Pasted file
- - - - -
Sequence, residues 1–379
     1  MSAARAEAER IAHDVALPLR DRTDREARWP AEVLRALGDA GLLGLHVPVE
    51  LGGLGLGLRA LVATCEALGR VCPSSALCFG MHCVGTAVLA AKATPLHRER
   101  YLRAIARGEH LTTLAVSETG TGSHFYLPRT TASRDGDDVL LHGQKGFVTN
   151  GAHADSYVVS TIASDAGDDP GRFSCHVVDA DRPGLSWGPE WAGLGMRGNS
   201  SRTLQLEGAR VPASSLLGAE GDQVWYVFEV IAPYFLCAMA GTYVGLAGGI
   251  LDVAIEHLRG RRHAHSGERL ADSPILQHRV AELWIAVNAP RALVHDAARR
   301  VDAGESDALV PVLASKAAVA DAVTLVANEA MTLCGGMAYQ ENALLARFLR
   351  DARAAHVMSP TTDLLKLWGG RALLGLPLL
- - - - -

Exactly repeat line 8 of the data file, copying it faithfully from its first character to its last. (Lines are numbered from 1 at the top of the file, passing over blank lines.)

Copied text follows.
   301  VDAGESDALV PVLASKAAVA DAVTLVANEA MTLCGGMAYQ ENALLARFLR